by Mitch Kokai
Senior Political Analyst, John Locke Foundation
Pro-capitalist humorists are nearly extinct, assuming there ever was a time when they flourished. A shining exception is P.J. O’Rourke. This anthology of his articles and essays runs the gamut of his irreverent career, stretching across 16 books dating back to the 1980s.
O’Rourke is today an elder libertarian luminary, and, fittingly, the H.L. Mencken Research Fellow at the libertarian Cato Institute. Proponents of self-responsibility and capitalist profit have never lacked articulate spokesmen, but there has been a dearth of raconteurs you’d want to go drinking with.
O’Rourke is in this capacity singularly equipped to bridge the worlds of fun and limited government.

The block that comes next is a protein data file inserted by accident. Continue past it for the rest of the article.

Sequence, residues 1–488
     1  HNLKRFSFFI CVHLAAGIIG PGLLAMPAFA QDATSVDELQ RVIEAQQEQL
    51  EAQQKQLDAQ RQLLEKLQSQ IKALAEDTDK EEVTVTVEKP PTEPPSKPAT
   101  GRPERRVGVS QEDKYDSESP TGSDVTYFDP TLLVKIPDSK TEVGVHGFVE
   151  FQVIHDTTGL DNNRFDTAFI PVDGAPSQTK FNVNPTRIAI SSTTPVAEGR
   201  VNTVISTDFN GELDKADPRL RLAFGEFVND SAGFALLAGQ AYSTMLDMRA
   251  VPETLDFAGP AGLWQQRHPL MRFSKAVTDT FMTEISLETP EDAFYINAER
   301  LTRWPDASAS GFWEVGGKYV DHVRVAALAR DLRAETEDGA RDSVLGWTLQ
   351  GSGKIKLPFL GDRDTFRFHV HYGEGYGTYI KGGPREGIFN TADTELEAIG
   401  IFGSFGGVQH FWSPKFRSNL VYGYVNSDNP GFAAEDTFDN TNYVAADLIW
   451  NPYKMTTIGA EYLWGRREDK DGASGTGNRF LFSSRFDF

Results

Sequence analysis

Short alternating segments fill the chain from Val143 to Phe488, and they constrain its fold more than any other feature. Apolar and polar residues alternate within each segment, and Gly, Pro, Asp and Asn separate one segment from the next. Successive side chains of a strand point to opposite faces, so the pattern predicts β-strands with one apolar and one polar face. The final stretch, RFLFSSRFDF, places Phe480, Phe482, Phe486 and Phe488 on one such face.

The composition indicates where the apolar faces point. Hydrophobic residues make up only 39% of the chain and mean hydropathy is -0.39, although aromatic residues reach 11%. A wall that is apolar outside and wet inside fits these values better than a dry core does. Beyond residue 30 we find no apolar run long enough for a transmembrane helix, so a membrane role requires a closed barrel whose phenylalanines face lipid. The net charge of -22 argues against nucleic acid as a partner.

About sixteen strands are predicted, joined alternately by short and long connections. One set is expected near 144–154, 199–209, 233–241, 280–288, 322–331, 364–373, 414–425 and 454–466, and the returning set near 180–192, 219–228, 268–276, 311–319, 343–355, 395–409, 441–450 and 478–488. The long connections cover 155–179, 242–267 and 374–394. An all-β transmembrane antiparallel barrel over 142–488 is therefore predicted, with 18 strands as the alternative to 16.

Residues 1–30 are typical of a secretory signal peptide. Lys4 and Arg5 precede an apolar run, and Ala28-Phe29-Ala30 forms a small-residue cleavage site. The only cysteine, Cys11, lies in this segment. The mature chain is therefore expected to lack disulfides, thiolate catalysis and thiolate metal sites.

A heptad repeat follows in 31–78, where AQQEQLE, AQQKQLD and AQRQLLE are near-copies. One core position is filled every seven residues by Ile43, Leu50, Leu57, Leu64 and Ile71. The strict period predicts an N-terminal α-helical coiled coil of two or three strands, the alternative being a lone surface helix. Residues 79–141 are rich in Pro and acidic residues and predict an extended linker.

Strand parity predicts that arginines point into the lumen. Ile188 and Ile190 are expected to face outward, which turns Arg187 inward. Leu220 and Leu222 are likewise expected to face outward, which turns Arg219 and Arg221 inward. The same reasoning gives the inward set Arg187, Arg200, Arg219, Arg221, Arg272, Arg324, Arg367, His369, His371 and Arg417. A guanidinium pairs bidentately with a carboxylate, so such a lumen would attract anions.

The apex of this collection is O’Rourke’s seminal work on the American government, Parliament of Whores, which is simultaneously scathing and hilarious. “Enormous effort and elaborate planning are required to waste this much money,” he observes—no doubt because “giving money and power to government is like giving whiskey and car keys to teenage boys.” I stumbled onto this gem of wit and analysis while a moderate centrist. I found it so mirthful, so withering, and so thorough that before I finished the chapter on U.S. agricultural policy I became a libertarian.
Students new to economics can save time by skipping Adam Smith’s The Wealth of Nations and reading O’Rourke’s summary of this magnum opus. You can probably even claim you read the original in class. Not only does O’Rourke contextualize Smith’s book and apply it to contemporary policy, he also corrects the Scot’s errant belief in the labor theory of value, as well as other economic fallacies.